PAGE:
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Submitted By: Submitted To:

Jeff Rayver I. Bautista Mr. Eric S. Limbos


Alice was beginning to get very tired of
sitting by her sister on the bank, and of
having nothing to do: once or twice she
had peeped into the book her sister was
reading, but it had no pictures or
conversations in it, 'and what is the use of
a book,' thought Alice 'without pictures or
conversation?' So she was considering in
her own mind (as well as she could, for
the hot day made her feel very sleepy and
stupid), whether the pleasure of making a
daisy-chain would be worth the trouble of
getting up and picking the daisies, when
suddenly a White Rabbit with pink eyes
ran close by her.

The Rabbit pulled a watch out of his


pocket to check the time. He shook his
head, then disappeared down a rabbit's
hole. "I must find out why he's in such a
hurry!" cried Alice. Filled with curiosity,
she ran to the rabbit's hole and peeped
through the entrance. The hole dropped
suddenly and Alice fell.
She fell for a long time when suddenly she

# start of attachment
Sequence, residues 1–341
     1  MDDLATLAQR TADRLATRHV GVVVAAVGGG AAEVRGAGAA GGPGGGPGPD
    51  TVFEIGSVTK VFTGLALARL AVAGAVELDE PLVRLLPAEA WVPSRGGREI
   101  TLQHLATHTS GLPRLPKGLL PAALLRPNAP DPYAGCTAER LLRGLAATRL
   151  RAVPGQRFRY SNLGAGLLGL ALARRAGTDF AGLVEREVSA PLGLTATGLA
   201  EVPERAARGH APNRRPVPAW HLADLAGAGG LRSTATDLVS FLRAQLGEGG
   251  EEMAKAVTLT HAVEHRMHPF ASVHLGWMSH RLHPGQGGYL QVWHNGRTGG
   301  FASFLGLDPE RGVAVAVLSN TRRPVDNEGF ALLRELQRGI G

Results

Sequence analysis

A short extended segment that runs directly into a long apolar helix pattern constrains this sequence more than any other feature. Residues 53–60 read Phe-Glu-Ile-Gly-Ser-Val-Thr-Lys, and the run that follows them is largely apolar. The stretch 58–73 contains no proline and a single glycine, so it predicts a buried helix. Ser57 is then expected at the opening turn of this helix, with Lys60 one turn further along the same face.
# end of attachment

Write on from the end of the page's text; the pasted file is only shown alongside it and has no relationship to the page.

came upon a little three-legged table, all
made of solid glass. There was nothing on
it except a tiny golden key.

When she looked around again, she came


upon a low curtain she had not noticed
before, and behind it was a little door
about fifteen inches high. She tried the
little golden key in the lock, and to her
great delight it fitted! She opened the
door and saw a beautiful garden through
it, but she couldn’t reach it as she was too
big.

When she turned around towards the


three legged table, Alice found a green
bottle that said "DRINK ME" magically
appeared on it. Out of curiosity, Alice took
the bottle and drunk the entire potion.
Then, she began to shrink until she was
no bigger than a doll.
She opened the door and quickly ran
through it. "What a splendid garden!" she
exclaimed. "Why, I'm no bigger than the
insects that crawl on these flowers." But
the excitement soon wore off. Alice grew
bored with her tiny size. "I want to be big
again," she shouted. Her shouts startled
the White Rabbit, who ran past her again.
Mistaking her for his maid, he ordered,
"Go to my cottage and fetch my gloves and
fan." Alice was confused by the Rabbit's
behavior. "Maybe I'll find something at
the cottage to help me find my way out,"
she said hopefully.

As she was going out she saw a piece of